### Archive

Posts Tagged ‘compound angle’

## Compound Angles: Cos(A+B) = CosACosB – SinASinB

Compound angles are angles made by adding two other angles together. When using trigonometry unfortunately you cant just “times out” the trig function but have to use an identity. This post will consider how we get the identity for cos(A+B):

Compound angle of A+B showing how they relate

From the definition of cos we find

cos(A+B) = OT/OR

but
OT = OP – PT
and PT = SQ so
OT = OP – SQ

so

cos(A+B) = ( OP – SQ ) / OR
so
cos(A+B) = OP/OR – SQ/OR

if we now times the both the top and bottom of the first term by OQ and do the same for the second term but with RQ we can get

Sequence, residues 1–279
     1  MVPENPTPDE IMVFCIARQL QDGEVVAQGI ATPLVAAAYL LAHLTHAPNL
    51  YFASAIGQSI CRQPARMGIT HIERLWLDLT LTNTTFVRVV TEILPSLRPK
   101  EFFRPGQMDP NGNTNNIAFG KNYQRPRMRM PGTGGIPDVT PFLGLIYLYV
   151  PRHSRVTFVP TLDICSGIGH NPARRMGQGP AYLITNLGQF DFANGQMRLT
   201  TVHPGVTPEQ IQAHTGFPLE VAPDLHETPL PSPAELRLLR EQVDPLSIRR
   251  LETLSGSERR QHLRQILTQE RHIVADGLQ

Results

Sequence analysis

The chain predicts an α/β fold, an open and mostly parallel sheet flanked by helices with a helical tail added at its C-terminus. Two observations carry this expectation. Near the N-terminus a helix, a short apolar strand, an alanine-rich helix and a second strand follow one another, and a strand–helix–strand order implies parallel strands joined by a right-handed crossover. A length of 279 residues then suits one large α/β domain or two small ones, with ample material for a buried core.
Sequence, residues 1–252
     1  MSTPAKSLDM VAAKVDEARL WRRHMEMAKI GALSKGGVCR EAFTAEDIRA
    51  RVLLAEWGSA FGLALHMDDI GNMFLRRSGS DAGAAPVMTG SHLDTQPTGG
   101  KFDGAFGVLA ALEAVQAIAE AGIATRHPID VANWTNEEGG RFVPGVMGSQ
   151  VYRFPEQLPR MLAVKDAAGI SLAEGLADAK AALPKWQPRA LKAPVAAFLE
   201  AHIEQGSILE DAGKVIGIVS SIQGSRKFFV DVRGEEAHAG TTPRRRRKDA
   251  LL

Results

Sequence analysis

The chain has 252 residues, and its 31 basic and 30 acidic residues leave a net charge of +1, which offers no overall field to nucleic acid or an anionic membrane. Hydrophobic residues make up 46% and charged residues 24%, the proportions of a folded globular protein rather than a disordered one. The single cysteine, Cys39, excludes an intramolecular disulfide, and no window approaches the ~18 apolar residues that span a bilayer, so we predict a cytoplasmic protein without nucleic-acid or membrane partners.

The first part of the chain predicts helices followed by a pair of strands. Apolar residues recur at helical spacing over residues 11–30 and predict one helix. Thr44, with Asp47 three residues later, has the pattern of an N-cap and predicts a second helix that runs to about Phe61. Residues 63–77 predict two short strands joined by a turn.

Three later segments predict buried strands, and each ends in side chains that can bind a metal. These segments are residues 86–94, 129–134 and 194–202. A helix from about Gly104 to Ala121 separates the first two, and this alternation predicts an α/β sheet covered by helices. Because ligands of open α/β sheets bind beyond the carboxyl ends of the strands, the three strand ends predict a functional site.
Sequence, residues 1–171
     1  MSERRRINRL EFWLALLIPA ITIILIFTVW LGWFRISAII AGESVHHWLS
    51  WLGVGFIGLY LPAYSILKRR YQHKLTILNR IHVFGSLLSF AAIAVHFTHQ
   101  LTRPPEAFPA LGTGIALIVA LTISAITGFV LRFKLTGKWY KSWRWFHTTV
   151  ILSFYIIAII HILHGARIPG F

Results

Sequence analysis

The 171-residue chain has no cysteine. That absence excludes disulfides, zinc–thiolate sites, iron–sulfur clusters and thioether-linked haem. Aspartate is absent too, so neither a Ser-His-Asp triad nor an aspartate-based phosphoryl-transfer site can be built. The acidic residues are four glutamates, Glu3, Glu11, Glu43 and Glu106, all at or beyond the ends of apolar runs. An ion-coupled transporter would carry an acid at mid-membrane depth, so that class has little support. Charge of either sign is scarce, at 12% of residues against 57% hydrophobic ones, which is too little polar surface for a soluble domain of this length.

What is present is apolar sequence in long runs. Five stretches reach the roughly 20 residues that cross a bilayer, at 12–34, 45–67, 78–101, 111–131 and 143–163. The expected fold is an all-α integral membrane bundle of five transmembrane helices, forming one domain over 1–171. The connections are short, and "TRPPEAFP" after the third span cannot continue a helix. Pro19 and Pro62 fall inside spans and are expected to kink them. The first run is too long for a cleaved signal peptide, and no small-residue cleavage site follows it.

but OP/OQ = cosB,
OQ/OR = cosA,
SQ/RQ = sinB,
RQ/OR = sinA

so we get, when these are substituted in and re arranged

cos(A+B) = cosAcosB-sinAsinB

Categories: maths, trigonometry

## Compound Angles – sin(A+B) = cosAsinB+sinAcosB

Compound angles are angles made by adding two other angles together. When using trigonometry unfortunately you cant just “times out” the trig function but have to use an identity. This post will consider how we get the identity for sin(A+B):

sin(A+B) = sinAcosB+sinBcosA

Compound angle of A+B showing how they relate

From the definition of sin=opp/hyp we find

sin(A+B) = RT/OR

But sinceRT comprises of RS+ST

By David Woodford

Categories: maths